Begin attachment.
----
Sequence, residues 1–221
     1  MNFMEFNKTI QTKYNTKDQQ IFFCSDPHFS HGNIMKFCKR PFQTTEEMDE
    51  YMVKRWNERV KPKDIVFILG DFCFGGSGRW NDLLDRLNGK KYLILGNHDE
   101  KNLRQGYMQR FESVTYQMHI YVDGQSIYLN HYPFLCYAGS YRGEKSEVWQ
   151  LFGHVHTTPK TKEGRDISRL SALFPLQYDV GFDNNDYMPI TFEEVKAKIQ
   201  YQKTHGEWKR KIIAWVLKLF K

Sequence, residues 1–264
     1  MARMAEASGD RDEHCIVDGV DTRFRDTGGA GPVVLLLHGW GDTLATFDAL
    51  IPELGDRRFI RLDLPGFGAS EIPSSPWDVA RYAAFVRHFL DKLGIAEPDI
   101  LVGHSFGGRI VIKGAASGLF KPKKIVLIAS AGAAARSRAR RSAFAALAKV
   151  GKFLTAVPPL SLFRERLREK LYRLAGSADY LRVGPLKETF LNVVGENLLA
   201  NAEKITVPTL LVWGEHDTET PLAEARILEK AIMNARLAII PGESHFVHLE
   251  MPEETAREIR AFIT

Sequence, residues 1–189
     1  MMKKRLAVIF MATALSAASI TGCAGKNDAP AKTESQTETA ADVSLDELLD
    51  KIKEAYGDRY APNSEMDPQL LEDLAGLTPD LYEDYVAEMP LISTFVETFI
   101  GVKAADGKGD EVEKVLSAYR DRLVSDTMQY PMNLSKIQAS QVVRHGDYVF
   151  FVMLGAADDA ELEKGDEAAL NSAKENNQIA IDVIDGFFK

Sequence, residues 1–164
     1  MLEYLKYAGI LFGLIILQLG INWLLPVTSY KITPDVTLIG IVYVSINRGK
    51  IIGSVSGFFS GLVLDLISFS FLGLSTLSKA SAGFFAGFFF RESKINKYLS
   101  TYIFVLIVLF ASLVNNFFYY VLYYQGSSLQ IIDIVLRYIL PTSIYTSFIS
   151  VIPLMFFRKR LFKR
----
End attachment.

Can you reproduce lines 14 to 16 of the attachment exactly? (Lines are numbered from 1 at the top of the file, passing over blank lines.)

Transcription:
Sequence, residues 1–189
     1  MMKKRLAVIF MATALSAASI TGCAGKNDAP AKTESQTETA ADVSLDELLD
    51  KIKEAYGDRY APNSEMDPQL LEDLAGLTPD LYEDYVAEMP LISTFVETFI